Note the symmetrical circularity of Marcus’ life: he begun at the Savoy, left, did a spell at Guy Savoy, then returned, thirteen years on, as head chef; also, after spending two weeks at La Tante Claire, ten years later he was back, replacing it with his own restaurant.

A year ago, everything looked grand: Pétrus had picked up star number two and Wareing was riding high, earning unanimous praise and plaudits aplenty -many touted Pétrus as London’s best restaurant – whilst Ramsay was opening restaurants across the world, recording TV shows and making his millions. What went wrong? Well, rumours of a rift had already begun surfacing in early 2007; apparently, Marcus had grown sick of the ‘shadow’ sobriquet his relationship with Gordon had earned him, as well as the claustrophobic consequences of being another cog in the GRH machine – he was a man ‘constrained, confined and trapped’. In May, gossip had it that Gordon was about to fire Marcus, but Wareing must have sensed this himself and made a pre-emptive strike: GRH’s lease with The Berkeley was due to expire on 19 September, so he launched an independent bid for it. And got it. A summer of squabbling between the two super-chefs supervened. Eventually, an accord was reached: Gordon kept the name (supposedly on its way to La Noisette’s old location), wine cellar and maître d’, Jean-Philippe Susilovic; Marcus kept his stars and won his freedom. After a one-week closure mid-September, Marcus Wareing at The Berkeley is now open.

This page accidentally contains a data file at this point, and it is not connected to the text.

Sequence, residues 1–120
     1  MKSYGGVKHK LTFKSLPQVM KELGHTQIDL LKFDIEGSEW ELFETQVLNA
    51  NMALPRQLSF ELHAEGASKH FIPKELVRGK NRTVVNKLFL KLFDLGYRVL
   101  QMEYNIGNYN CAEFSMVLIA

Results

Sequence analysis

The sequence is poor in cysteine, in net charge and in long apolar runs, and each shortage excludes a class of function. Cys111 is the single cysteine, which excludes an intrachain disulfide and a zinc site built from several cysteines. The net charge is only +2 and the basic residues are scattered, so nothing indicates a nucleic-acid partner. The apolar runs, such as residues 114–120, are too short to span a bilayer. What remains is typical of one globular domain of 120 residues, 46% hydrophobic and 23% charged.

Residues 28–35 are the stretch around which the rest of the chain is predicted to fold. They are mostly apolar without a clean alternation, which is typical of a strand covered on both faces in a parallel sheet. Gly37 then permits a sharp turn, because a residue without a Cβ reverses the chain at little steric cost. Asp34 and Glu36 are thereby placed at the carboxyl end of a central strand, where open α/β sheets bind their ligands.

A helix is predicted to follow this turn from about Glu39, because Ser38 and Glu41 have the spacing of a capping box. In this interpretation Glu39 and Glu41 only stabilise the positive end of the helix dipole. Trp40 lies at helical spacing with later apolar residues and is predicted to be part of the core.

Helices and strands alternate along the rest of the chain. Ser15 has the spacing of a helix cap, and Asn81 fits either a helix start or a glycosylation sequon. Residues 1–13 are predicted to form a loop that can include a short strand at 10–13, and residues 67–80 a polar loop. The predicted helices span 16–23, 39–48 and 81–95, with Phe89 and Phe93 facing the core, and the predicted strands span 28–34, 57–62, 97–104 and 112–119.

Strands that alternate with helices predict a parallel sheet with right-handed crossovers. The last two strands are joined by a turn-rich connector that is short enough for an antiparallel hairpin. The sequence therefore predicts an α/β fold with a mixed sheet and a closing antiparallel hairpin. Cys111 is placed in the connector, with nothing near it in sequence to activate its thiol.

The David Collins interior has remained intact. It is still sophisticated and dramatic yet warm and clubby; still very grown up. The belle époque theme is embodied by rich claret colouring, characteristic of Pétrus wine itself. The deep Burgundy walls and well-padded plum armchairs are contrasted against crisp white, double-layered tablecloths. Circles figure prominently too: ovular mirrors, round tables, white French blinds made of linking loops; and white, milk and dark chocolate-coloured boules upon two large abacuses that screen a wall of wine chillers. Well-spaced, large tables are dressed with a couple of calla lilies, white candleholder, Bernaudaud porcelain (Fat Duck, l’Atelier de Joël Robuchon in Paris and Jean Georges of New York are also fans) and thick, starched napkins. Fragrant bouquets of white hydrangeas and more calla lilies; opulent fittings; and dim lighting from glittering chandeliers and soft golden lamps adds to the sense of seduction and luxury.